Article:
Even when Jada Pinkett Smith was still a student at the Baltimore School for the Arts (BSA), her mentor, theater department head Donald Hicken, knew his diminutive pupil was headed for stardom.
"What I remember most was that she was interested in everything: dancing, music, and acting," he says. "We had a student-driven variety show, and Jada took over the whole thing. She choreographed, danced, and acted. She was incredibly energetic."
Hicken was particularly wowed by Pinkett Smith's performance as the wife in Eugen O'Neill's Beyond the Horizon. "She was just fabulous, just brilliant," Hicken says. "When she focused, she nailed that piece with a kind of intensity that knocked me out, and I sat her down and said, 'You have this enormous gift. You have to work with it.'"
Pinkett Smith remembers his words well. Speaking from Los Angeles, she says: "Donald always told me that there was nothing I couldn't do. He told me that I had more talent in the tip of my pinkie than some people have in their whole bodies."
Though the BSA's most famous living alum (and wife of actor Will Smith) has since taken those talents to the big screen—with roles in The Matrix sequels, Madagascar, The Nutty Professor, and Scream 2—the actress is now heading back to the small screen where she got her start. (Her first big break came playing coed Lena James on NBC's A Different World.)
In TNT's HawthoRNe (Tuesdays, 9 p.m.), she plays Christina Hawthorne, a tough but loving nurse in a Richmond, VA, hospital.
"I said I would never do episodic TV again," says Pinkett Smith, also an executive producer of the series. "But I needed this to grow. I thought it was a place I could sharpen my story-telling skills and my producing skills."
The character Christina hit close to home for the actress. Pinkett Smith's mother, Adrienne Banfield-Jones, worked for many years in women's health at Johns Hopkins and Sinai Hospitals, and, like Christina, was a single mother struggling to raise a teenager. "I really related to Christina's heart and compassion and her lifestyle," says Pinkett Smith. "Nursing is one of the professions that is rarely explored or talked about. They are the unsung heroes."
Pinkett Smith's roles include a long list of fiesty female characters, but she says fans will see a new side of her on the small screen. "This particular character's power is her compassion," says Pinkett Smith. "This is the first time you will see me play someone who is very vulnerable. In her line of work, these are high stakes, and a wrong move means somebody's life."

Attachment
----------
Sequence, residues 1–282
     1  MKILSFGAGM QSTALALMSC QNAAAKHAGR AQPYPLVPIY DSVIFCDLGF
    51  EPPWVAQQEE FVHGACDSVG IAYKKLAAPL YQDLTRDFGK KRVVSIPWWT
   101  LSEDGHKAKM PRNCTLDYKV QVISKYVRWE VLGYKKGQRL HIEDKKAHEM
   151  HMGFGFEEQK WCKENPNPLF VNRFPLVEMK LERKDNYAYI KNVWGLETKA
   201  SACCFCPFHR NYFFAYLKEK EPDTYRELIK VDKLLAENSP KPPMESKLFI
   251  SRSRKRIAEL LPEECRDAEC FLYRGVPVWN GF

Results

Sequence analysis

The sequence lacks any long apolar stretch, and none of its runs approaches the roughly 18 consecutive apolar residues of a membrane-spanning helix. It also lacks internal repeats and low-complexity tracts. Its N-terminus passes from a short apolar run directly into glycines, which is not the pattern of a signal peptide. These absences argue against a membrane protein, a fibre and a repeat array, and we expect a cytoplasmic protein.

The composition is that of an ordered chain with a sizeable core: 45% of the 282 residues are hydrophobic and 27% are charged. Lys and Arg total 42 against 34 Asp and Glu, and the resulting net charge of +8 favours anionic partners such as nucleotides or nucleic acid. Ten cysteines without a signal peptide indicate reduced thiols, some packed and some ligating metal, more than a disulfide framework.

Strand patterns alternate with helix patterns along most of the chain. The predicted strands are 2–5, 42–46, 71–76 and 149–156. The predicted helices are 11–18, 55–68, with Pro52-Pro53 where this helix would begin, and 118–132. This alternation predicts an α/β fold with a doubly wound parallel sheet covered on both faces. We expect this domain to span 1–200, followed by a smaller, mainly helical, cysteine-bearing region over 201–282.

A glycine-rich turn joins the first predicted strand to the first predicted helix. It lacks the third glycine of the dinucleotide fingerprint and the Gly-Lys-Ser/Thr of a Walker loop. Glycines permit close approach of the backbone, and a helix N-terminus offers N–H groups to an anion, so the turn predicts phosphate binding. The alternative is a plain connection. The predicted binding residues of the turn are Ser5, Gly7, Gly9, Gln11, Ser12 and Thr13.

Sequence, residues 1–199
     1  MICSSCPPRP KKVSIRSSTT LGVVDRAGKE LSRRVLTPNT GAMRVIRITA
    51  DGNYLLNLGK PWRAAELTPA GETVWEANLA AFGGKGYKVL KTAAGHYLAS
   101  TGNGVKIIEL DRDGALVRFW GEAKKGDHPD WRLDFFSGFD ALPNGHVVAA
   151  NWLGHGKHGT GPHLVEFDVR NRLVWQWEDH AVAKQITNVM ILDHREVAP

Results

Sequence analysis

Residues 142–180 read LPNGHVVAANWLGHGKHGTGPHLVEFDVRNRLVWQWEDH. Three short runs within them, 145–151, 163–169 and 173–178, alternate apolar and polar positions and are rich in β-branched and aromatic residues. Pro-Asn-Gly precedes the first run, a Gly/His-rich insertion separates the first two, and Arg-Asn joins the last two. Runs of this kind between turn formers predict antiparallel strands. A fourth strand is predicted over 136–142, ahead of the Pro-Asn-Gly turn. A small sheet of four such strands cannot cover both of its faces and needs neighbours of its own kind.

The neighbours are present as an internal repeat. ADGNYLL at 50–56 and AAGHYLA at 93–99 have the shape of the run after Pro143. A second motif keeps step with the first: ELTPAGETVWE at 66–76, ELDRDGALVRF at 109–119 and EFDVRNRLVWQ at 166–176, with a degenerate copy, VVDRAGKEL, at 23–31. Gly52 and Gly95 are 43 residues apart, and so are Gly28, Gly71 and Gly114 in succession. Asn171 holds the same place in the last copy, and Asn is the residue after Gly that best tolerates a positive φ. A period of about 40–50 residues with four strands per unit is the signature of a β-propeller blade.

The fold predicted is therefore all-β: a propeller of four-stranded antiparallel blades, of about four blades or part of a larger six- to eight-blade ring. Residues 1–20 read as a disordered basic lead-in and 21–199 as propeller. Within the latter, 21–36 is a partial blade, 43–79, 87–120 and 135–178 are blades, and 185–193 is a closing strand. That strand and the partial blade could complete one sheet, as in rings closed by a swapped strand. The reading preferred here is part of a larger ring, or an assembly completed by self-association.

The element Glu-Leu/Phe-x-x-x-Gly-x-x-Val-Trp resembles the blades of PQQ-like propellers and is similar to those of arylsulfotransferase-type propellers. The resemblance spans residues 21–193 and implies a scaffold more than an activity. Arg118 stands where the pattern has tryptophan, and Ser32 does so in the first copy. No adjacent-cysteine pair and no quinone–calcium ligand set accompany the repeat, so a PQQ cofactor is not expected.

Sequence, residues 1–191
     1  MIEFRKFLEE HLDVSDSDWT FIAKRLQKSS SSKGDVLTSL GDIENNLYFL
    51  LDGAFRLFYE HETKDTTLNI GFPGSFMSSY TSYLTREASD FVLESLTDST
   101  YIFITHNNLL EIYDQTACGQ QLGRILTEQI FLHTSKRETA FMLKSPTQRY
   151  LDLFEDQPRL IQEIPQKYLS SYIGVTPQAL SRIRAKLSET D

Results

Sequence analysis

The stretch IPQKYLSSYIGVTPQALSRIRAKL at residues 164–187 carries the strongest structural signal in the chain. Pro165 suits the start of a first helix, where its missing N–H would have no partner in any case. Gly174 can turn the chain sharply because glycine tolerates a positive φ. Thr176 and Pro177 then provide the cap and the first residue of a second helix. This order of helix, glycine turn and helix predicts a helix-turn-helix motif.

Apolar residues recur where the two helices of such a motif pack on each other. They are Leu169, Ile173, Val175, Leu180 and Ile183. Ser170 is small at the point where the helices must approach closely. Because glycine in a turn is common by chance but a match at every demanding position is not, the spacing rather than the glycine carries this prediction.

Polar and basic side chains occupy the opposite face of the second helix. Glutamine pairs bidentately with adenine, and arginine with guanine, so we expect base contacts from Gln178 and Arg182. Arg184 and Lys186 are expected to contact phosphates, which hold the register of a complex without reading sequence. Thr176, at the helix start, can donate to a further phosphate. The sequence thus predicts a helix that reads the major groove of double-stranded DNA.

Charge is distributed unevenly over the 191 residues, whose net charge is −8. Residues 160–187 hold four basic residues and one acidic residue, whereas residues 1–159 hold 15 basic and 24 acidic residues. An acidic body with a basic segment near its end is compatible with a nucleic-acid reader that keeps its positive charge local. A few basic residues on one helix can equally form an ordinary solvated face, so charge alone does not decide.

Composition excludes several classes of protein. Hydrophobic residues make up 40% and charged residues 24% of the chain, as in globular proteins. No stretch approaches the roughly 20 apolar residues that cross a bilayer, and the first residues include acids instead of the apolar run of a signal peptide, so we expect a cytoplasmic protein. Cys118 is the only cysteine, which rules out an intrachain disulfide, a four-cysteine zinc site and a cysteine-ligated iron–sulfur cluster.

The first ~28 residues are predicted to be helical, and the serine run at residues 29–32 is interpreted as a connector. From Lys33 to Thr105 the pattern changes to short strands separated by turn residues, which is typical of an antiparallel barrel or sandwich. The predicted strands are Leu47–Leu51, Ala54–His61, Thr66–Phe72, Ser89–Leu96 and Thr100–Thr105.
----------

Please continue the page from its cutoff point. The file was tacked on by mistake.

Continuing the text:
While Pinkett Smith has always adored acting, she says she once considered going to law school. Her mother, however, didn't buy it.
"When she told me that I was like, 'Oh, please,'" chuckles Banfield-Jones, who retired from nursing full time eight years ago to help raise her grandchildren in California but still maintains a home in Maryland. "I knew from a young age she belonged on the stage. I remember one time she did a community production of The Wizard of Oz, and she was Dorothy. She was singing 'Over the Rainbow,' and in the middle of the song, she forgot the words. Completely calmly, she said to the audience, 'Why don't you help me out?' And they did."
The same moxie that allowed a young Pinkett Smith to charm her way out of a flubbed performance now gives her the confidence to pursue her many and diverse off-screen interests. These include being lead singer/songwriter with heavy metal outfit Wicked Wisdom (they opened for Britney Spears on her European tour in 2004), a business woman with her own production company (100% Womon), a children's book author (Girls Hold Up This World), a fashion designer with a line of T-shirts and dresses, and a philanthropist with her own family foundation.
Explains Pinkett Smith, "I'm just one of those women who believes I can have it all. It's not easy—it really is quite a balancing act, and it takes a lot of communication with my husband and my kids, but it's possible. I wouldn't be whole without having a place to explore all those different ladies."
As far as Banfield-Jones is concerned, her daughter's most satisfying role is that of mother to son Jaden, daughter Willow, and stepson Trey.
"I am so proud of the mother she has become," says Banfield-Jones. "She has a great relationship with her children, and they love her dearly. Because I was only 17 when I had Jada, I don't think I understood what mothering was all about. I was selfish and immature. She waited until she was older and married with a husband who she loved and treasured so she could create a good family life. She is so multi-faced and talented, but the greatest joy I get is from watching her mother her children."